It is very unlikely to be a position offered to Odessa’s ambitious Governor Saakashvili either considering the poor relationship between the Prime Minister and Governor.  Notwithstanding that, the role is almost certainly “managerial” and Governor Saakashvili is not a “manager”.  Further, should early Verkhovna Rada elections manifest, Governor Saakashvili will launch a political party and do well – which the President will want in any coalition.  For now the Governor is best left outside the ruling elite from a Poroshenko viewpoint, and co-opted as “new untainted blood” for any future coalition.

Having previously been offered the currently non-existent post, could Mr Yeliseyev be persuaded to leave the Presidential Administration and assume the Vice Prime Minister for European Integration role?  He certainly knows everybody within the Brussels bubble and is extremely well acquainted with “how Brussels works”.  He is clearly on good terms with the President and Foreign Minister, and is unlikely to be viewed as a threat by any of those within the existing/projected Cabinet of Ministers.

There are a few other possibilities, (and favoured political souls), as well as improbabilities too, that will be touted in the near future.  Perhaps a more complete “runners and riders” list will be necessary anon, however there is yet another domestic political hurdle to address and overcome.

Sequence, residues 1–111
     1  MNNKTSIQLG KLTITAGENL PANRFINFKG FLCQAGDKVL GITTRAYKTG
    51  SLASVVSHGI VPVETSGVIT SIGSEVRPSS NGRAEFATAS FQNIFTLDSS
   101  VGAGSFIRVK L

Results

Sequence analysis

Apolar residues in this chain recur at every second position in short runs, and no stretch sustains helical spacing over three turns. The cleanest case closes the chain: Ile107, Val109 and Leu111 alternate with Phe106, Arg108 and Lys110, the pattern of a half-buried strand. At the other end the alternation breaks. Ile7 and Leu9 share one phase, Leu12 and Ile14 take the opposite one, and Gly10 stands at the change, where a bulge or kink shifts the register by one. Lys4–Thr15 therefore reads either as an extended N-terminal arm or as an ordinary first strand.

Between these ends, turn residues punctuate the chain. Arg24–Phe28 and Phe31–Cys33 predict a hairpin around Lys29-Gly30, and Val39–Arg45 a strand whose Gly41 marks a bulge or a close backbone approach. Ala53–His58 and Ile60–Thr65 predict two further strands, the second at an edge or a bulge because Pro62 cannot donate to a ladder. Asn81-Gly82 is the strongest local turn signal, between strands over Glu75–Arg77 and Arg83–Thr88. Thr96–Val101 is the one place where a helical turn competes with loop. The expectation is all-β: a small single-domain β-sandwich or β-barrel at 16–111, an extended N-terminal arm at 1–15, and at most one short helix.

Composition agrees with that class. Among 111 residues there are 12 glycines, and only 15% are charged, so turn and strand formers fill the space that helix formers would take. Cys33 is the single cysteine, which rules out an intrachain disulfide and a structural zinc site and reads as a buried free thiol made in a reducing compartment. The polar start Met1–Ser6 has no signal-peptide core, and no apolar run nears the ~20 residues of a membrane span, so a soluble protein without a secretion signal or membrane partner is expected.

The allocation of ministerial posts within the Cabinet of Ministers is on a party quota system (forget meritocracy or ability), dictated by the composition of the coalition.  Under which party quota would a new post of Vice Prime Minister for European Integration fall – or will any incumbent take upon an “independent” political label to avoid squabbles ?

Whatever the case, the pressing issue now is not who, but to define the role and its parameters, agree and assign the powers needed, and create the legal basis for the position from which those powers and role are born – all in a timely manner when the absence of such a position is already a political and diplomatic own goal for which there is simply no excuse.  (And appoint an ambassador to the EU Mission and sort out all the “channels” whilst at it!)